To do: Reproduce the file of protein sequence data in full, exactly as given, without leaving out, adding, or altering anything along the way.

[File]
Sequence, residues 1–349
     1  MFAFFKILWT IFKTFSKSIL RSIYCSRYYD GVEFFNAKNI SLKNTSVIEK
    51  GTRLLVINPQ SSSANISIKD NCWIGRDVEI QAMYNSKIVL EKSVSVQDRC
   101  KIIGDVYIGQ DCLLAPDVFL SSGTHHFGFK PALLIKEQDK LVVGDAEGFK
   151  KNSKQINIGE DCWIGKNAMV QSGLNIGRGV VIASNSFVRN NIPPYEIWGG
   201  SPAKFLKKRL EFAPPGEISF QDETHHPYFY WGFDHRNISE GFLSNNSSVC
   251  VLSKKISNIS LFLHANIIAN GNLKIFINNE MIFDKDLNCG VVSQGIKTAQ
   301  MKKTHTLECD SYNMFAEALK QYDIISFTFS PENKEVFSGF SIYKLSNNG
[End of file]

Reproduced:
Sequence, residues 1–349
     1  MFAFFKILWT IFKTFSKSIL RSIYCSRYYD GVEFFNAKNI SLKNTSVIEK
    51  GTRLLVINPQ SSSANISIKD NCWIGRDVEI QAMYNSKIVL EKSVSVQDRC
   101  KIIGDVYIGQ DCLLAPDVFL SSGTHHFGFK PALLIKEQDK LVVGDAEGFK
   151  KNSKQINIGE DCWIGKNAMV QSGLNIGRGV VIASNSFVRN NIPPYEIWGG
   201  SPAKFLKKRL EFAPPGEISF QDETHHPYFY WGFDHRNISE GFLSNNSSVC
   251  VLSKKISNIS LFLHANIIAN GNLKIFINNE MIFDKDLNCG VVSQGIKTAQ
   301  MKKTHTLECD SYNMFAEALK QYDIISFTFS PENKEVFSGF SIYKLSNNG